A growing threat
Last Sunday, a suicide bomber approached a military checkpoint in Indanan, Sulu. Fortunately, the bomb went off before the target was reached by the bomber, believed to be a foreign woman.
It was not the first time that a woman was involved in such an attack in this country. Unfortunately for national security, it was also not the first time that suicide bombers have launched an attack in the Philippines. Earlier this year, an Indonesian couple blew themselves up in front of the Mount Carmel Cathedral in Sulu’s capital Jolo.
Reports from Sulu said the military is currently hunting down two more potential suicide bombers who escaped from security forces. The two, said to be among five suicide bombers recruited by the terrorist Abu Sayyaf group, are believed to be preparing for an attack on military installations in the conflict-torn province.
In Iraq, Islamic State terrorists are reportedly running out of militants to send out as suicide bombers. Instead the IS has weaponized cows, strapping the animals with bombs, according to recent reports.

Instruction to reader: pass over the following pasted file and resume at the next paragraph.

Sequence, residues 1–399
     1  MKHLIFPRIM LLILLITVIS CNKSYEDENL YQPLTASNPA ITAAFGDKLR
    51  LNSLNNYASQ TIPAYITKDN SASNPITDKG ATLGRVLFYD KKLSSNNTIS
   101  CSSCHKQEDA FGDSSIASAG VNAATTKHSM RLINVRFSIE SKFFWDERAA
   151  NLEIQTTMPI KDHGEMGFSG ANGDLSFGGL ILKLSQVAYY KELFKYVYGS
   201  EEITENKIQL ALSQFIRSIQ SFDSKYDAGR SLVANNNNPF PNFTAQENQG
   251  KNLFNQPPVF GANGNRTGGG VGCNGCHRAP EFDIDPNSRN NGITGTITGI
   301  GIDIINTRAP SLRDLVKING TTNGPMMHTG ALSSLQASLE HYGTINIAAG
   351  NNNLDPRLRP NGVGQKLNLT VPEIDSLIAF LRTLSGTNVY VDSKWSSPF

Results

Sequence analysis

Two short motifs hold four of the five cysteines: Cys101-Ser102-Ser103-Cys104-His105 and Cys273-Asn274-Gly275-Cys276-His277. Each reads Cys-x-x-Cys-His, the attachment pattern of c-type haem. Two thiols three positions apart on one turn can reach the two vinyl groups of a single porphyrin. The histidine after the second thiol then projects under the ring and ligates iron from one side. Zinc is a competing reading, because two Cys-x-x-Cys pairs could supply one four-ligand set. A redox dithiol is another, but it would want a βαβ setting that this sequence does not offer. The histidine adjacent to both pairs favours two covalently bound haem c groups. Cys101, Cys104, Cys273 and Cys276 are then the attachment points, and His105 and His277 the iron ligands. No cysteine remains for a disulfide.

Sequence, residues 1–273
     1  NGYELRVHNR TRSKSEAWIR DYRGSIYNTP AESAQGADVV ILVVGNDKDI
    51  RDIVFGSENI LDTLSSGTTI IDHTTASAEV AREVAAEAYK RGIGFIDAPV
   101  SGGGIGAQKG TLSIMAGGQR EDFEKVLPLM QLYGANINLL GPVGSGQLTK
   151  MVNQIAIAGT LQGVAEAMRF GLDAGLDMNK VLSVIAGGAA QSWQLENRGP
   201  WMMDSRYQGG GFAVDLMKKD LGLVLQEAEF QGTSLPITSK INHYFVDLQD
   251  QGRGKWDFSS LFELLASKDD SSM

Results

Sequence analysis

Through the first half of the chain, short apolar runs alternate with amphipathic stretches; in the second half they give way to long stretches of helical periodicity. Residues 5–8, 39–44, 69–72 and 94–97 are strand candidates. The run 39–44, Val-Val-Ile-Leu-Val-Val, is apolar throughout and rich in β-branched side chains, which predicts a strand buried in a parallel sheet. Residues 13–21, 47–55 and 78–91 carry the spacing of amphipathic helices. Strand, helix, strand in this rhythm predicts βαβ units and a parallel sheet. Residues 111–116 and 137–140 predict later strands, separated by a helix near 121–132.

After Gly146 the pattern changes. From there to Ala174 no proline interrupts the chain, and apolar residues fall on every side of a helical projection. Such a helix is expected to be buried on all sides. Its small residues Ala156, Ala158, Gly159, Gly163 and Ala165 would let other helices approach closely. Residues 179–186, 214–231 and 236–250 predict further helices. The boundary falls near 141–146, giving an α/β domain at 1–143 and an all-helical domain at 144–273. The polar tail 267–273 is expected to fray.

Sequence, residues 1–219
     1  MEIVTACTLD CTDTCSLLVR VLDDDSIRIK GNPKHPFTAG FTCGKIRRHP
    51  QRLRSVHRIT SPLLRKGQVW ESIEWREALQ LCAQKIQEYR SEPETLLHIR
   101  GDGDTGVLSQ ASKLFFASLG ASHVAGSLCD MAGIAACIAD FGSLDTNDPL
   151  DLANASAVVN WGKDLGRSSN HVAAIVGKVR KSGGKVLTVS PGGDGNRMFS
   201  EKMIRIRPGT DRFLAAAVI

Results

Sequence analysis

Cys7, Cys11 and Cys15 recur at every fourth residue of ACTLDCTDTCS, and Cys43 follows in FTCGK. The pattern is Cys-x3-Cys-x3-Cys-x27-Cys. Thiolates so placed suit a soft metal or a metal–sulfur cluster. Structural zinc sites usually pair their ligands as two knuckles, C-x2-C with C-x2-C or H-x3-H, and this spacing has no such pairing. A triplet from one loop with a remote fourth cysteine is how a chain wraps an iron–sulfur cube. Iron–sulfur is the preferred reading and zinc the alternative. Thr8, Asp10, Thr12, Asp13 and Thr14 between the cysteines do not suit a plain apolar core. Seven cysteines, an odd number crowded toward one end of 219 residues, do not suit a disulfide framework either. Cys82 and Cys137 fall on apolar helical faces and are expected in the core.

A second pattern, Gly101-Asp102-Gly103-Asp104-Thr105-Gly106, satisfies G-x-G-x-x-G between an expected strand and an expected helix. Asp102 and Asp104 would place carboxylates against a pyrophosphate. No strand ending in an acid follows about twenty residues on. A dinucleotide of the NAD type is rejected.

In the Philippines, on the other hand, the suicide bombing threat is just starting to emerge. Filipino terrorists have long preferred homicide to suicide, but foreign influence might be changing this mindset.
In July last year, a Moroccan was believed to be responsible for a suicide attack on an Army checkpoint in Lamitan, Basilan. Last June 28, two suicide attacks were launched on the Army’s brigade headquarters in Indanan, Sulu. It marked the first time that a Filipino, Norman Lasuca, perpetrated a suicide bombing. His still unidentified cohort was reportedly a foreigner.
Lasuca was said to be just 19 years old. What drives a person – especially one so young – to blow himself up, and drag with him to death as many others as he can? Any effort to confront the threat of suicide attacks must include answering this question, and providing solutions.